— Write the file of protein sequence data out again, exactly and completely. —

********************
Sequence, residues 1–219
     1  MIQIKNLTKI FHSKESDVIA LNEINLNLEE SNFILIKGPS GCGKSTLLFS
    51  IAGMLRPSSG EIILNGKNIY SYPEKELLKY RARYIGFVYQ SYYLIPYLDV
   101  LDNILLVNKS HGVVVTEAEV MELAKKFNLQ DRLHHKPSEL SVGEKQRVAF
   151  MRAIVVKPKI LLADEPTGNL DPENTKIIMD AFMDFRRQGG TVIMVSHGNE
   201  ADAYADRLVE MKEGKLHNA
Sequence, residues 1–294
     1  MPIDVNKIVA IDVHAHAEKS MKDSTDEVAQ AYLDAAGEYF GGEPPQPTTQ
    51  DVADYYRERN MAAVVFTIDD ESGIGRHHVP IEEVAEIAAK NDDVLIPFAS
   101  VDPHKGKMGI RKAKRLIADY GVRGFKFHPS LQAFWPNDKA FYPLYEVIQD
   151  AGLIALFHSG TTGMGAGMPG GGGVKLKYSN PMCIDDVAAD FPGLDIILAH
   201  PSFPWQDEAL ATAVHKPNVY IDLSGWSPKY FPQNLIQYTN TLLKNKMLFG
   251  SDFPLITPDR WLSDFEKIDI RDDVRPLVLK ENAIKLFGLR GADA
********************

Sequence, residues 1–219
     1  MIQIKNLTKI FHSKESDVIA LNEINLNLEE SNFILIKGPS GCGKSTLLFS
    51  IAGMLRPSSG EIILNGKNIY SYPEKELLKY RARYIGFVYQ SYYLIPYLDV
   101  LDNILLVNKS HGVVVTEAEV MELAKKFNLQ DRLHHKPSEL SVGEKQRVAF
   151  MRAIVVKPKI LLADEPTGNL DPENTKIIMD AFMDFRRQGG TVIMVSHGNE
   201  ADAYADRLVE MKEGKLHNA
Sequence, residues 1–294
     1  MPIDVNKIVA IDVHAHAEKS MKDSTDEVAQ AYLDAAGEYF GGEPPQPTTQ
    51  DVADYYRERN MAAVVFTIDD ESGIGRHHVP IEEVAEIAAK NDDVLIPFAS
   101  VDPHKGKMGI RKAKRLIADY GVRGFKFHPS LQAFWPNDKA FYPLYEVIQD
   151  AGLIALFHSG TTGMGAGMPG GGGVKLKYSN PMCIDDVAAD FPGLDIILAH
   201  PSFPWQDEAL ATAVHKPNVY IDLSGWSPKY FPQNLIQYTN TLLKNKMLFG
   251  SDFPLITPDR WLSDFEKIDI RDDVRPLVLK ENAIKLFGLR GADA